Image credit: “The Streets of Old Gettysburg: Baltimore Street Looking Up from the Old Diamond.” On “Had You Been In Gettysburg the Week Before the Battle.” Passion for the Past: Thoughts and Social History for the Living Historian. By Historical Ken. March 31, 2010. http://passionforthepast.blogspot.com/ 2010/03/had-you-been-in-gettysburg-week-before.html (accessed September 19, 2014).

Bloom, Robert L. A History of Adams County, Pennsylvania: 1700-1990. Gettysburg, PA: Adams County Historical Society, 1992.

“Borough Election.” Gettysburg Complier, March 23, 1863.

Kendlehart, David. Letter to Jubal Early. Gettysburg College Musselman Library Special Collections, Gettysburg, PA.

Slade, Jim and John Alexander. Firestorm at Gettysburg: Civilian Voices, June-November 1863. Artglen, PA: Schiffer Publishing Ltd., 1998.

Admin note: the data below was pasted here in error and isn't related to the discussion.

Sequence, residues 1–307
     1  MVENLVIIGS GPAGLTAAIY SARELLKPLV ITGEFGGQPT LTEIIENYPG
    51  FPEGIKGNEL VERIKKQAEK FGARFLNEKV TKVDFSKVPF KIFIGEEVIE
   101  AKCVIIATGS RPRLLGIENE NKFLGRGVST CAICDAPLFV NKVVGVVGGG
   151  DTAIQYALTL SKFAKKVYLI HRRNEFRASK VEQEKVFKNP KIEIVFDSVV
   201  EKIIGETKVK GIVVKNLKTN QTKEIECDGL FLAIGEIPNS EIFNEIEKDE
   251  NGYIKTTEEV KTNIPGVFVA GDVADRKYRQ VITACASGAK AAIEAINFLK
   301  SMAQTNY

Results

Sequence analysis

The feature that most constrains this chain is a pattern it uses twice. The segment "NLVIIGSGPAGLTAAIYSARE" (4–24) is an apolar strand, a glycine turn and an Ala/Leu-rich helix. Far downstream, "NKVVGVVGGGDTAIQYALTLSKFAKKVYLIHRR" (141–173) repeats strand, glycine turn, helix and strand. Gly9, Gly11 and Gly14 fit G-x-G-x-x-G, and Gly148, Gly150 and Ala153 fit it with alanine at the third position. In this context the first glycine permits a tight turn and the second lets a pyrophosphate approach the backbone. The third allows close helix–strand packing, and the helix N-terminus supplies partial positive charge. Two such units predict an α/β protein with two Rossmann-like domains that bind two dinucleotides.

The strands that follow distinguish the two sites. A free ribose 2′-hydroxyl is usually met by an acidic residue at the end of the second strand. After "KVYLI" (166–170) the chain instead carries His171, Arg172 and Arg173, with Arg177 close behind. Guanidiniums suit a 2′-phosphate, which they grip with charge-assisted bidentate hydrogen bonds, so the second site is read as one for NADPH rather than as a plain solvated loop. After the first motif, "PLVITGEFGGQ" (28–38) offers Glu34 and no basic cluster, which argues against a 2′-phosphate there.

Smith, Timothy H. John Burns: The Hero of Gettysburg. Gettysburg, PA: Thomas Publications, 2000.

2 thoughts on “To Preserve, Protect, and Defend”

  1. Thank you for that.

    However, as a direct descendent of David Kendlehart, I feel I should make a minor correction. According to my great-aunt Margaretta, he did not flee to McAllister’s Mill on the night of 26 June, he remained in town at home. On 1 July, when the Confederates entered town, he fled, afraid he would be arrested and taken back to Richmond for refusing Early’s requisition. But he stayed in town, hiding in the Catholic parsonage; it was his family he evacuated to McAllister’s Mill, early that morning (Margaretta said that her younger brother James, my great grandfather, tried to accompany John Burns to the battle line before her mother corralled him). When the Confederate Army withdrew David went with his acquaintance, George Arnold, to the Union lines to alert them.

    V/r,

    Richard Anderson